Stone fruit, led by peaches, plums and nectarines, are just getting underway from the southern part of the valley.
The consensus appear to be that around 40 to 43 million boxes of stone fruit will be shipped this year from the San Joaquin Valley, which would be pretty average when looking at the volume for the past five years.
California cherry shipments are building and hitting good volume just prior to the Memorial weekend (May 25-27). However, winds damaged 40 to 50% of the early variety Rainier cherries around Bakersfield on May 5th.
There also was some wind damage to almond trees in the Bakersfield area.
Last year, California shipped a record 101.5 milion boxes of grapes. The Coachella Valley, which is shipping now, accounts for 10 percent or less of this volume. The rest comes from the San Joaquin Valley, starting with the Arvin District in late June.
Apple shipments, which took at 30 percent hit last year, are expected to return to normal this year. Beginning in July, California apple shipments get underway, but this is minor (2 million boxes) compared to Washington state (129 million boxes predicted).
Located near Bakersfield, Kern County ships a lot carrots and potatoes, althouigh this time of the year you will get a better freight rate hauling more perishable items ranging from lettuce to stone fruit, grapes and berries.
Kern County potatoes shipments started about a week ago. Due to so much over production of russet potatoes around the country, this variety has been reduced by up to 75 percent. Russets have been replaced primarily with red, yellow and white potatoes.
When Kern County growers are not planting carrots or potatoes in their fields, they use bell peppers as a rotation crop. Bell peppers loadings are just starting and building in volume, continuing until November.
Salinas vegetables – grossing about $5200 to Chicago.
California desert vegetables – about $7300 to New York City.
The California coastal valleys of Salinas and Santa Maria typically remain the major sources of supply of lettuce through mid-October. Huron, which is located on the west side of the San Joaquin Valley, usually fills the lettuce supply gap in late October through much of November before harvest switches to the desert in California and Arizona. Some of the hardier items, such as broccoli and cauliflower, will continue in the Salinas area until the shift to the desert (California’s Imperial Valley and the Yuma, AZ area) around Thanksgiving.
There has been strong shipments of California vegetables since early summer. A primary reason is the extreme drought in the Midwest and the upper Midwest, which knocked out some home-grown crops.
Additionally, there was the hurricane that hit New Orleans and continued on through the South hitting Kentucky and Tennessee and knocking out some of those local tomato harvests. It all helped to benefit shipments of California tomatoes.
Blackberry shipments are winding down on California’s Central Coast, but raspberries could go through the end of October.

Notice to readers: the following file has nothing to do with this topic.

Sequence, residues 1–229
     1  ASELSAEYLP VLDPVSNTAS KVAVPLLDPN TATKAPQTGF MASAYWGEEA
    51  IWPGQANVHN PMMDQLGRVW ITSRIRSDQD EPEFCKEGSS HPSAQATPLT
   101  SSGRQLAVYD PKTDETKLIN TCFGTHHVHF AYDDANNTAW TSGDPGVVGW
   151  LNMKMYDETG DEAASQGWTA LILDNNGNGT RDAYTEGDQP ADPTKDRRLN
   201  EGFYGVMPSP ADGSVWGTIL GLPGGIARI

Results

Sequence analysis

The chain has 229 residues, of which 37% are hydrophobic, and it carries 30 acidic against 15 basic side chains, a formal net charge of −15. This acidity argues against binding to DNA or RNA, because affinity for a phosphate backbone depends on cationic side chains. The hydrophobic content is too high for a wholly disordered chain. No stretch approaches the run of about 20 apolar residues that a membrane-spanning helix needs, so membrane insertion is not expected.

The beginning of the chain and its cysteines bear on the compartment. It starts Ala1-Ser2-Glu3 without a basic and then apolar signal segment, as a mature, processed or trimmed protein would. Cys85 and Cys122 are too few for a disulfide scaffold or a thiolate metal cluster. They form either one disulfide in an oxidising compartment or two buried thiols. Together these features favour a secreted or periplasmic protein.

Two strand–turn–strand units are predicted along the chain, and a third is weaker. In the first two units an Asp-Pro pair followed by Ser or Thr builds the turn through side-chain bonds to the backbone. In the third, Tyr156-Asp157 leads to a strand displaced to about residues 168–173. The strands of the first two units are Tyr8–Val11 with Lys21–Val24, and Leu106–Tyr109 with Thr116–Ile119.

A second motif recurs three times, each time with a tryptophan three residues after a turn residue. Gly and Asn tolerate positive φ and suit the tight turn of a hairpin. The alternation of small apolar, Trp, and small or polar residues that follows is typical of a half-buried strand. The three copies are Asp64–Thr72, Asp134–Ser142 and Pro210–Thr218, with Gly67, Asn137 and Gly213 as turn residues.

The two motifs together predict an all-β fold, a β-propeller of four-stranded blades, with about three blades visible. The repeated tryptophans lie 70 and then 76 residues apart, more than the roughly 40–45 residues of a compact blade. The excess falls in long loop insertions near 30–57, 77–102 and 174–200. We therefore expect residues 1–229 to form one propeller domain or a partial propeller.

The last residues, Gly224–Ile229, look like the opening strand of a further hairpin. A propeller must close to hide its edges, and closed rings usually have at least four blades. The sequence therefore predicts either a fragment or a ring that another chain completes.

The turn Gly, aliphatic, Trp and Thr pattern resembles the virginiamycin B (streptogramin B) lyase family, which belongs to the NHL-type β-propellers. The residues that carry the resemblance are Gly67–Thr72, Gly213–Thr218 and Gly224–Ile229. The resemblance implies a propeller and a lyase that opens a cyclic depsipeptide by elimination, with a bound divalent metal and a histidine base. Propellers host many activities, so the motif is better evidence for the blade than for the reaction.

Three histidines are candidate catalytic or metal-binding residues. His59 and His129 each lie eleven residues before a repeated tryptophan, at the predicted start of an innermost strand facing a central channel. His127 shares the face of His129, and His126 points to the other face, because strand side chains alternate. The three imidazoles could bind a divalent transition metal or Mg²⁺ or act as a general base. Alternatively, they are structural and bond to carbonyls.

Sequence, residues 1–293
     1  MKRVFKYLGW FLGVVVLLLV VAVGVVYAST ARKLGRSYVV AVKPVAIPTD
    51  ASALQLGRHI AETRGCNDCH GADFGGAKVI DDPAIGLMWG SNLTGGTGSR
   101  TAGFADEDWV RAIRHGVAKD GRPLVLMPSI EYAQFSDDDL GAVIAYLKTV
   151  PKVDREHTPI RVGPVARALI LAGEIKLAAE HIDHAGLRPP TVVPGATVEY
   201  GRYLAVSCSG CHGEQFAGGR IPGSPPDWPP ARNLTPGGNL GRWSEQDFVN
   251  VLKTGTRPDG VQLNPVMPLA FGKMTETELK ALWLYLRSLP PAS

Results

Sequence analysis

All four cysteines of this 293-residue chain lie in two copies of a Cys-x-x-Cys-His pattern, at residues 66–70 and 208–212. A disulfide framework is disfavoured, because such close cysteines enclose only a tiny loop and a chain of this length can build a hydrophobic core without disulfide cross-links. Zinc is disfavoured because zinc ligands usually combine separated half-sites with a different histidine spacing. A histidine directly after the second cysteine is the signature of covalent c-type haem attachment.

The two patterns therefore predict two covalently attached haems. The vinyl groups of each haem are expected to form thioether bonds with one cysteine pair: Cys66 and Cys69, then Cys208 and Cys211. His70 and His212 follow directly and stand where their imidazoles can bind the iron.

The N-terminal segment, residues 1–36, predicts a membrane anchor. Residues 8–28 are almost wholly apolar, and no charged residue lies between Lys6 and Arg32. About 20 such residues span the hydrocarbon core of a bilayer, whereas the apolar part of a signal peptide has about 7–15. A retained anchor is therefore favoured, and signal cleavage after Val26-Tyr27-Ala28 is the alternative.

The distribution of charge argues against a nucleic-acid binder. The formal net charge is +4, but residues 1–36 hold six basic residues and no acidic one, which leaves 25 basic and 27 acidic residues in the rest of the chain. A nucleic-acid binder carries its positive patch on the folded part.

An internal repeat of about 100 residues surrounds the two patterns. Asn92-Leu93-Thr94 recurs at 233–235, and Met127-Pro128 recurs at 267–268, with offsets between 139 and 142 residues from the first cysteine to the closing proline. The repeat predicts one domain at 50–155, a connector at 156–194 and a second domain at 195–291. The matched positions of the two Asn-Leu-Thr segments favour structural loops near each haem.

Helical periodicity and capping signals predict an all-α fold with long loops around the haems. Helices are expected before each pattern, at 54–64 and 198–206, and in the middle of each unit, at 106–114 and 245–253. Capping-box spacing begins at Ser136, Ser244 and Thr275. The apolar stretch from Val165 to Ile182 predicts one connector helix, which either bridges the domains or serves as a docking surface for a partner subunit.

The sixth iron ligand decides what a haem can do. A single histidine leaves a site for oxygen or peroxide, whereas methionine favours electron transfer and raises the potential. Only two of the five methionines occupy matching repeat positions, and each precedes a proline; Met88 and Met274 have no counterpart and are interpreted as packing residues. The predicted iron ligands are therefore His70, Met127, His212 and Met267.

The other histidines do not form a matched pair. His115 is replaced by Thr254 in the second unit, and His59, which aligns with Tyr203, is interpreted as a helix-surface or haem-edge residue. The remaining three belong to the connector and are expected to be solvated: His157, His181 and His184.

Blackberries loadings tend to decline by the end of September and are finished by mid-October as the shipments out of Mexico pick up.
California strawberry and raspberry shipments have provided some problems for haulers over the summer. Both are more delicate fruit, especially raspberries. Much of this can be blamed on the horrendous summer heatthan began in June and continued through most of August. Good quality fruit results in more shipments (due to consumer demand), plus truckers deal with fewer rejections. Obviously the quality of the fruit has improved since the heat has subsided. The fruit holds up better when shipped.
Salinas area vegetables and berries – grossing about $4700 to Chicago.
California rates to the East Coast topped $9000 this week, at least from the Salinas Valley, where vegetable volume is really cranking up, plus there is building volume with the nearby Watsonville district strawberries and other berries. Rates also have increased from other regions of California, ranging from the San Joaquin Valley, to Santa Maria and in the Southern part of the state. Truck supplies have definately tightened up, but so far, my sources are reporting you can get a truck, if you’re willing to pay for it.
In Arizona, rates remain strong as Mexican melons and table grapes are moving in good volume across the border into the USA.
If for some reason, you are stuck in New Mexico, the new crop of storage onions from the Southern part of the state are now being shipped. Rates are usually less on onions with a significant factor being you can haul them on flatbeds and other non-refrigerated equipment.
Texas remains active for produce loads, in large part thanks to Mexico. There are a variety of Mexican vegetables and tropical fruit crossing into South Texas. The Lower Rio Grande Valley is shipping watermelons, although weather troubles has reduced loading opportunities there. The Winter Garden District, just south of San Antonio is loading onions.
Salinas Valley vegetables, Watsonville berries – grossing about $9000 and more to Boston.
San Joaquin Valley stone fruit – about $4000 to Atlanta.
Nogales melons and grapes – about $5000 to Chicago.
New Mexico onions – $3000 to Chicago.
Texas produce – $3000 to Atlanta.
Whether talking the desert areas of the Imperial or Coachella Valleys, or Southern California to Ventura County, Bakersfield, and on to Santa Maria and Salinas, produce is being shipped. Granted, not all the areas are in full harvest, but shipping areas are abundant. It will only get better for produce haulers in the weeks ahead as demand for refrigerated equipment increases and rates climb accordingly.